Effective grievance mechanisms must exist at all stages of a project. The third pillar of the UN Guiding Principles calls for access to remedies. While this is frequently interpreted to mean after-the-fact judicial remedies, what happened in El Salvador reinforces the importance of companies and states putting in place effective grievance mechanisms at the outset in order to mitigate tensions and reconcile interests before political levers are employed. These mechanisms must be founded upon real understandings of numerous issues in play. This requires effective due-diligence at the outset to gain comprehensive understanding of the likely claims associated with potential human and environmental impacts. Companies should also pay close attention to related and potentially underlying factors such as:
political and community power structures;
benefits the project may have at the national and local level; and
how those benefits will be distributed across society.
All of these factors can lead to claims by stakeholders, real or purported. Without understanding the issues at stake, and implementing proper mechanisms to bring about front-end remedies, projects and future investment may be jeopardized.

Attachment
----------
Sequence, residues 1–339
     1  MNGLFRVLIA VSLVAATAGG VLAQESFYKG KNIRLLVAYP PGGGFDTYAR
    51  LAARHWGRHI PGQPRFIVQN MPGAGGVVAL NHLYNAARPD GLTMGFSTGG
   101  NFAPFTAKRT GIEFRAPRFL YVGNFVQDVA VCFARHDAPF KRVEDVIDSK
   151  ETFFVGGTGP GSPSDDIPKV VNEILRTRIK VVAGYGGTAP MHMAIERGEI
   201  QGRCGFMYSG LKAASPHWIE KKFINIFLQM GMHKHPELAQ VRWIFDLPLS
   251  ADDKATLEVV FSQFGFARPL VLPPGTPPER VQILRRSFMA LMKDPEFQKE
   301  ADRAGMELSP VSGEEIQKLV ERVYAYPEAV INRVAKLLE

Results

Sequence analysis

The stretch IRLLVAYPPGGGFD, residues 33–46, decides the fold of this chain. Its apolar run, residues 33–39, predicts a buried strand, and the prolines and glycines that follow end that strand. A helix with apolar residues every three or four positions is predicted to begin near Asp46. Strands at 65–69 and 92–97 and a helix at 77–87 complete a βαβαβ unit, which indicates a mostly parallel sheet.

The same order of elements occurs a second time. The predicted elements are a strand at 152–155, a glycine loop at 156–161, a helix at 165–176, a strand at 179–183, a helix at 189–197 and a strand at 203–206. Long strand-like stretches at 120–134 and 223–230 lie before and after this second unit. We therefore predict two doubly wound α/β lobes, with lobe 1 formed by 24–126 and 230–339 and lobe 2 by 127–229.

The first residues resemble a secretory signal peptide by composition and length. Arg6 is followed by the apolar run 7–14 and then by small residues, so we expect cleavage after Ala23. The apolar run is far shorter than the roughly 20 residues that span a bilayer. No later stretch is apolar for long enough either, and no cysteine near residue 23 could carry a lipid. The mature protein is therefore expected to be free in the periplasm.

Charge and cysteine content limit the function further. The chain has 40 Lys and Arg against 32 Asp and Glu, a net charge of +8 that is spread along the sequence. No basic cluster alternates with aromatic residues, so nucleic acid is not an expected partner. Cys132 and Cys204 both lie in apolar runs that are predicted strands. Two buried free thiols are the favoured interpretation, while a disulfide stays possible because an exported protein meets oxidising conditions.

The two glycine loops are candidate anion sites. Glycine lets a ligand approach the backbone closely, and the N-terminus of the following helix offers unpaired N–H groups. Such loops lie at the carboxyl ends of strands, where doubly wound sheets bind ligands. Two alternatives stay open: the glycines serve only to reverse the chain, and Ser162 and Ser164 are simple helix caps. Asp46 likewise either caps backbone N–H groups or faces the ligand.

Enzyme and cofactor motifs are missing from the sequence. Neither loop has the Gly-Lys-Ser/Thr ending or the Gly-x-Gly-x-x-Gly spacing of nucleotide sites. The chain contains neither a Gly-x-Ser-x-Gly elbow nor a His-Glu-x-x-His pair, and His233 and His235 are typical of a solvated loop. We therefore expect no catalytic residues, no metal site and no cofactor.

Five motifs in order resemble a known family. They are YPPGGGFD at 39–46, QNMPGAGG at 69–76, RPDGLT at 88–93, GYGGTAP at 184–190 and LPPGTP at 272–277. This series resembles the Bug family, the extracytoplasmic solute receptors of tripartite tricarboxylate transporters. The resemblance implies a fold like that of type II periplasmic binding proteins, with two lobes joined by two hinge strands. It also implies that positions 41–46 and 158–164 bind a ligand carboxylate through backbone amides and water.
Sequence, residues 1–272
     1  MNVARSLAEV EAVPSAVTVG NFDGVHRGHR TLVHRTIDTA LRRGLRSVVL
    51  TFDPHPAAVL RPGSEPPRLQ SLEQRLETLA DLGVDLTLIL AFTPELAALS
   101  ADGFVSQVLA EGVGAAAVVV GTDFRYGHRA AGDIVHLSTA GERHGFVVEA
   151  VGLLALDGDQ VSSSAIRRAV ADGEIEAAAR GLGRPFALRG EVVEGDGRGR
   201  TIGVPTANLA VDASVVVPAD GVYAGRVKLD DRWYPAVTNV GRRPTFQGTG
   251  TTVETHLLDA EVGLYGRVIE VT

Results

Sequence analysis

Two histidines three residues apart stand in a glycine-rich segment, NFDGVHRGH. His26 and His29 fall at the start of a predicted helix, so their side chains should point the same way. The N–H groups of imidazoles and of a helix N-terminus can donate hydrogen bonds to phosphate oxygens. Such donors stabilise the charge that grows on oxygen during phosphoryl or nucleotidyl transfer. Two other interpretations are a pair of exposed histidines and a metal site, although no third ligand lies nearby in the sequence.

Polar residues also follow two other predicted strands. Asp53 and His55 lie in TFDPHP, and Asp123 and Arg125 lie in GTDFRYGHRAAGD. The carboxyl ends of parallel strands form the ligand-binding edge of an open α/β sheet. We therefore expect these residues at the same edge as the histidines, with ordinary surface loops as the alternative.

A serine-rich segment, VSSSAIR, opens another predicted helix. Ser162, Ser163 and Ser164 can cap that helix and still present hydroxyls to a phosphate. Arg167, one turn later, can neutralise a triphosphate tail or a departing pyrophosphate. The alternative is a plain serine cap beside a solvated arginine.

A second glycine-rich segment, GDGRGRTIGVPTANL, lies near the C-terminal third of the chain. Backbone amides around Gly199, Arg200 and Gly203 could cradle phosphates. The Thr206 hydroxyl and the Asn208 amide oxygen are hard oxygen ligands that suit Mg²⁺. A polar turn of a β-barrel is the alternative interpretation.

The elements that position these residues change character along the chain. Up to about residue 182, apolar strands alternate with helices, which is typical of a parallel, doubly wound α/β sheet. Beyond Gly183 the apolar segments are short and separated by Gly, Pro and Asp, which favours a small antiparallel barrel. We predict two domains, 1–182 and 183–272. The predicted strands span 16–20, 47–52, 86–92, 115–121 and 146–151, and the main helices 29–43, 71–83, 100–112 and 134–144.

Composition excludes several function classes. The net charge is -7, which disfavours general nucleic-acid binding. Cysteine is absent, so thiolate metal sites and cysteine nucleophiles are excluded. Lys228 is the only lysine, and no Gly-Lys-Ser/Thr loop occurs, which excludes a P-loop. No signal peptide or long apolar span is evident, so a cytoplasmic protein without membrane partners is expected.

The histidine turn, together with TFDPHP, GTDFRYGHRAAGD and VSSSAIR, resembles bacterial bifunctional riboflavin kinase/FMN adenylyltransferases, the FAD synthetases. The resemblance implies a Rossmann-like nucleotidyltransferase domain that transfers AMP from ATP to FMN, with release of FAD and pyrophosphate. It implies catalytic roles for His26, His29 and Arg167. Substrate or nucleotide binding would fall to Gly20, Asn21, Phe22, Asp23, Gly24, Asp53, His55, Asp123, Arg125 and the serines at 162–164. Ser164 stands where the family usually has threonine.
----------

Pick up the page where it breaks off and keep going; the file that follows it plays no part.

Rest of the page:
Home states can do more to reduce tensions. Canada’s strategies on CSR and bribery and corruption are acknowledgments that home states have a measure of responsibility to help ensure Canadian companies are not engaged in improper behaviour abroad. As more international standards crowd the field of global business conduct, companies may feel inundated with new and evolving standards, making it increasingly difficult to keep track of applicable norms, or to make sense of what, if any, demands they impose. Home governments can assist companies to sift through the growing number of international standards for multinational corporations and global business, including through embassies, export credit agencies, and trade commissioners. Home states also have an opportunity to help promote the benefits of investment in the host states. Industry, Industry Associations, and home states should work together in capacity building so that host states are able to implement a regulatory framework that secures optimal benefit for all stakeholders.
Industry is heavily involved in health care and environmental activities around the world. The challenge is how to expand and deepen those efforts across a broad spectrum of issues to bring stakeholders together in a manner that facilitates investment and development, including in natural resources.
Whether or not the situation in El Salvador could have been avoided is now a moot point. The law banning mining will remain in place until political change resets the stage for investment. Future situations will also arise that warrant investors to resort to dispute settlement against host states. In the post-fact world, it remains to be seen whether stakeholders can collaborate and communicate to demonstrate a shared resolve to bridge a potentially growing chasm between foreign investors and host states before disputes lead to a total breakdown between players.
As a prelude to the mining ban, and signalling its dissatisfaction with international investment arbitration, in 2013, El Salvador removed the option of international arbitration through the World Bank’s ICSID dispute settlement mechanism as a means to settle disputes under its investment law.